I have said the same introduction before a meeting for the last 15 years and I don’t suppose that it will change anytime soon.At this point (Mr & Mrs Smith) I have no idea if we can do any business, would you mind if I asked you a few questions first?” This simple introduction, gains permission to ask as many questions as I like and spend as much time that’s needed to gain a ‘picture’ of the vendors situation.

Want to know more about 'The essential skills of a Property Trader'?

Dominate Your Ground The Essential Skills of a Property Trader
An excellent grounding in getting leads, converting deals, trading deals and guerilla marketing tactics.

Fact Find
The next stage is the ‘fact find’ this is the most crucial part of the meeting. The questions you ask, or rather the answers that you get will determine exactly what deal you will be able to offer. The order is crucial too. I’ve written down around 75 questions that I could ask a vendor. I don’t have to ask them all, but by writing them down, I don’t run out of things to say and stops me jumping into a negotiation too early – ie. Before I’m ready.

People often tell me that it’s essential to ‘build rapport’ with the vendor – this is true, but rapport building is a skill that’s learned, by asking the right questions, in the right order, during a professional process. It really isn’t a case of being ‘chatty’ and getting on with them. Being ‘chatty’ just takes longer. Learn the professional skills and rapport is built, by default.

Be of no doubt, that this stage of your ‘sit’ is the most important, it takes a little practice and skill but, once it’s mastered can lead you into the most unexpected deals.

Critical Stage
In my model, critical stage is when you decide if we want to continue the meeting. If you’ve found everything out and discovered that you don’t want the property, what’s the point in continuing with the meeting? It wastes everyone’s time. At some point, you need to make the decision to either ‘cut and run’ (politely of course) or continue. Sometimes, the deals we walk away from will decide our success.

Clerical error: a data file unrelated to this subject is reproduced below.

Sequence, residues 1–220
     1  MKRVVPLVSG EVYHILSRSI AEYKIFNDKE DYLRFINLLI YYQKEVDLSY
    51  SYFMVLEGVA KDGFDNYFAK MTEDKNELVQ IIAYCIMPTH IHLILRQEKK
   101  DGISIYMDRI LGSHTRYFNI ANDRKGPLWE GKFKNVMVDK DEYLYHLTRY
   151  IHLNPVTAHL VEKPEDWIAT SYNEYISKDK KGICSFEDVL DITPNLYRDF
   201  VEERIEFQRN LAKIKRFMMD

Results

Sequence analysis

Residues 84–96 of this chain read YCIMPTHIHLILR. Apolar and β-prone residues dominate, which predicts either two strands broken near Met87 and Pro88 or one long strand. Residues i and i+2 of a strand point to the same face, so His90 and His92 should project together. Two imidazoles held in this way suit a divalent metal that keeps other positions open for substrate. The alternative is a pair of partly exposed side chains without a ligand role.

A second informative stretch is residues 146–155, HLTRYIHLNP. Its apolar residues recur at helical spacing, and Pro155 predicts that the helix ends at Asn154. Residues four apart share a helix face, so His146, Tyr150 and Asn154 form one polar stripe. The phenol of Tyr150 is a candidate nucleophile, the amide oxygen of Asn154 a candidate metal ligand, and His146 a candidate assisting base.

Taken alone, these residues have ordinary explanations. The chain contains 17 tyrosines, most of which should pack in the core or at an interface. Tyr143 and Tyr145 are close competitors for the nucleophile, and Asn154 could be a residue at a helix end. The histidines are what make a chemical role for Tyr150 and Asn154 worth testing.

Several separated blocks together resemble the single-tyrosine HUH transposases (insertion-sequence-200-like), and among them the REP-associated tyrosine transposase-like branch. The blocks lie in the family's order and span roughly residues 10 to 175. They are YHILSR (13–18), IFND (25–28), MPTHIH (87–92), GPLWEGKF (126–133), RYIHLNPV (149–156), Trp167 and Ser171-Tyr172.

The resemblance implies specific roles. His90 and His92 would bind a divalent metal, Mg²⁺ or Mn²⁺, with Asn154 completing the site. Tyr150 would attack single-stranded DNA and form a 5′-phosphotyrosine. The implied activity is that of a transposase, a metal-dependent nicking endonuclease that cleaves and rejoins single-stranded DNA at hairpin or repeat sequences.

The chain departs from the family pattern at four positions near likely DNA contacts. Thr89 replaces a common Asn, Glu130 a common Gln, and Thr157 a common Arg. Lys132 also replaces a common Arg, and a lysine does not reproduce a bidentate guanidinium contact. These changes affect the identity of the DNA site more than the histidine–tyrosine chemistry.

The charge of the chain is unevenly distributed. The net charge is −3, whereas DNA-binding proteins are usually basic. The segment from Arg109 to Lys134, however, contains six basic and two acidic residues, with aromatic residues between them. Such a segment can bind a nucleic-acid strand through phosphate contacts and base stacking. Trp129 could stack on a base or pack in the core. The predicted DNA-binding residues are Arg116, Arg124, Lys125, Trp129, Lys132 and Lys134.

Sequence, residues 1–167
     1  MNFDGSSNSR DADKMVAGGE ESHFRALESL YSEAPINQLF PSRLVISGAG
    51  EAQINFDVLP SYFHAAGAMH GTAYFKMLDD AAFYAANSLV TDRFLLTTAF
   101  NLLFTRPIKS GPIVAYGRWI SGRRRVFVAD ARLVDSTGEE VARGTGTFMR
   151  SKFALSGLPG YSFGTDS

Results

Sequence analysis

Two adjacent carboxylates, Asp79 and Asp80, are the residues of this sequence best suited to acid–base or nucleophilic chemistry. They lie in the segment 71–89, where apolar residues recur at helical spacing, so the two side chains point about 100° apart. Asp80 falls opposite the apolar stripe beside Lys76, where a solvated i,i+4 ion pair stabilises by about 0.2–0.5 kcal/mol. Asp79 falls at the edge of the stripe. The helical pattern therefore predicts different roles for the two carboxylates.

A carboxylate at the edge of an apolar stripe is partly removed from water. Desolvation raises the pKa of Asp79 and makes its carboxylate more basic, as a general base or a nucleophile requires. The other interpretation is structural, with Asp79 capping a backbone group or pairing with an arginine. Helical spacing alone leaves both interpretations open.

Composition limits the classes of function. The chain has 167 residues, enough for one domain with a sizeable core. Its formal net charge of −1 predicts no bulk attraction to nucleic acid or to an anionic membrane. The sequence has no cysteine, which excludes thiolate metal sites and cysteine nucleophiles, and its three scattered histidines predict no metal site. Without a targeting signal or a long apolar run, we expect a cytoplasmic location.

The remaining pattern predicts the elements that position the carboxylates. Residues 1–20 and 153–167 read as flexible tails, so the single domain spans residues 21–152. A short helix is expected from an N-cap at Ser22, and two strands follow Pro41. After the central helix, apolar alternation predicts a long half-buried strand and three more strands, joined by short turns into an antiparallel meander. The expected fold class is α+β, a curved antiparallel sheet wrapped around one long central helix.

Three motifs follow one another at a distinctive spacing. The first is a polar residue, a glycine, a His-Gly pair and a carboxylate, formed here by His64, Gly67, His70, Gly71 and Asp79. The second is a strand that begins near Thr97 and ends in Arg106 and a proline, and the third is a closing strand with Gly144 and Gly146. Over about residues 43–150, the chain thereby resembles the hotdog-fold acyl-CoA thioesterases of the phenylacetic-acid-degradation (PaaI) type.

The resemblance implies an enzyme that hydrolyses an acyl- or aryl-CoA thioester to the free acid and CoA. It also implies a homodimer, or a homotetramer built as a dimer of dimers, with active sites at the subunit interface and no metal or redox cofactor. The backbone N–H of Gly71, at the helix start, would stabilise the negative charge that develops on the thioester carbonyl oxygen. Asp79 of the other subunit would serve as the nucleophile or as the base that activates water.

Okay, you’ve found out everything you need to know and are ready to make an offer. The way the offer is presented matters here, no more than three keys points (we think in three’s). Written down and presented as a whole solution to the problem/situation/goals that the vendor has found themselves in. You are offering a ‘solution’ not a number. If we offer a number on its own, we can start a negotiation, and there’s no point. There’s no such thing as win/win – this was dreamed up by course sellers and trainers to give us the impression that everyone wins in negotiation. The point of negotiation is to ‘protect your position’ and obtain the deal you need.

Please don’t take the statement above as though we have to drill down and beat vendors into submission. That’s not the case, we know the deal we need to make it work/stack and that’s what we want. The job is to present it as a solution to the vendor NOT get into haggling over price. If you present it as a solution everybody wins, start haggling and each party compromises then everybody loses!

Test Close/Pre Close
Test closing is a way of ‘testing the temperature of the water’ and a test close is usually presented in the format, “If I could……………… would you…………..?”

If I could match everything that you’ve asked for, would you sign the paperwork tonight so we can do the deal for you? If we get a warm reception and agreement then we can proceed to close up the deal.

If the reception is cool (hence testing the temperature) then we have to go back and ask a few more questions. There is no pressure on the vendor during a test close; it’s merely part of the conversation.